Wagons to Rockcrawlers
● By Style
Photo by Bonnie Wurm, courtesy of the El Dorado County Photo Library
Long before the multitude of four-wheel enthusiasts trekked along the perilous trail into the Rubicon Valley, native people migrated there annually via the same route.
Each summer, the Maidu, Miwok and Washoe met to exchange trade goods. While camped in the lush meadow, the Indians fished, hunted and gathered nuts, berries and seeds. Ultimately, the discovery of gold in 1848, and the inevitable encroachment of white settlers, forever changed their lifestyle and the nature of the trail.
After several years of prospecting near Georgetown, miners George and John Humsucker made their way into the valley. They first staked their claim at Gray Horse, a narrow gorge on the lower Rubicon River. Eventually, their hunt for gold lost its appeal, but the lure of the mountains and the primitive wilderness persuaded them to stay.
The brothers built a pine-log cabin near the river and later added several outlying shacks and a corral for their growing number of livestock. They ran a lucrative business selling tanned deer hides and meat to merchants and residents in Georgetown. In 1880, they began bottling and distributing “magical” mineral water from Rubicon Springs, which they successfully marketed as a “health enhancing supplement.”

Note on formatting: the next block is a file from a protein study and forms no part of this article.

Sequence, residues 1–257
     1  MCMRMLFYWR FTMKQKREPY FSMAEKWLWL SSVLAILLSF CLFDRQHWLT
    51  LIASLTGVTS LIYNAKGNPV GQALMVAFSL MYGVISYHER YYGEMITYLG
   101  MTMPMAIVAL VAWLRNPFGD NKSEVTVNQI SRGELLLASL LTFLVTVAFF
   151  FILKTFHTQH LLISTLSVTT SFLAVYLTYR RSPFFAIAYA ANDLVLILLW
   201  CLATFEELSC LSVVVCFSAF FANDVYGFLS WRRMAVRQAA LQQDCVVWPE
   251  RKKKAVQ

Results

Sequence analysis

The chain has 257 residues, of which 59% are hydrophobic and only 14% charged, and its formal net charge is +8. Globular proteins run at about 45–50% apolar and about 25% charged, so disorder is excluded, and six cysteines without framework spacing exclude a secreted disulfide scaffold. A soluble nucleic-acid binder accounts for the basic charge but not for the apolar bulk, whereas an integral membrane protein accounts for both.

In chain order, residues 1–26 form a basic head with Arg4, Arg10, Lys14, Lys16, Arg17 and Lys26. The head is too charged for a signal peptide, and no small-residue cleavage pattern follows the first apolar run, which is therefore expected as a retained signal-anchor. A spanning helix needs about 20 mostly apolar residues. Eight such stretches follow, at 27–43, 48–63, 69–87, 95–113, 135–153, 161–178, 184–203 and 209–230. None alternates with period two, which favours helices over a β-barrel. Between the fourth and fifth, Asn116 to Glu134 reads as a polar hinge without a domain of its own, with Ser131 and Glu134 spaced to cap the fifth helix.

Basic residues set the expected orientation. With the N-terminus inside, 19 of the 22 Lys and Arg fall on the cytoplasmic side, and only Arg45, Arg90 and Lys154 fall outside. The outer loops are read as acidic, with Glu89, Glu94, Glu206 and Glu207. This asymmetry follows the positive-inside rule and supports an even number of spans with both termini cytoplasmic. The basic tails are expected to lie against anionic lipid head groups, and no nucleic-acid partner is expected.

By 1881, “Rubicon Water” had become so popular, the Humsuckers found it difficult to meet the demand. Hard-pressed to bottle and deliver their product (which flowed only from a hole in the rocks the size of a pencil), they opened the Rubicon Springs Resort to accommodate those who would soon venture into the valley to drink directly from the source.
Meanwhile, John McKinney, a friend of the Humsuckers from the early mining days, also profited from the “magical” water. Besides guiding mule-drawn pack trains loaded with cases of “Rubicon Water” to Georgetown, the Humsuckers also initially shipped the praised tonic to McKinney’s Retreat at Lake Tahoe. Now, mining entrepreneurs from the Nevada Comstock were ferried across the lake aboard McKinney’s side-wheeler, the Governor Stanford, then by pack train to Humsuckers. Georgetown and El Dorado County friends came into the Rubicon Valley via the Georgetown-Lake Bigler Indian Trail. Passengers choosing to travel by stage jostled against the thick padded walls of a Concord coach as they traveled the entire route from Georgetown to Uncle Tom’s Cabin, Wentworth and Rubicon Springs, to the shores of South Lake Tahoe.
In 1886, Sierra Nevada Phillips Clark bought out the Humsuckers. The enterprising new owner enlisted El Dorado County to assist her in pushing a one-way road to McKinney’s through to completion the following year. Shortly thereafter, Clark built a 16-room hotel which she operated successfully for nearly 15 years. Daily, her six-passenger, horse-drawn “Rubicon Flyer” left her renown wilderness resort to transport guests to and from McKinney’s Retreat.
In the early 1920s, highway Dodges, Pierce Arrows, Stars, and other cars began traveling the route from Georgetown to Rubicon Springs. However, their daring drivers needed to carry ropes and planks to make their way over the great granite sheaths of Devil’s Playground and other rough spots along the trail.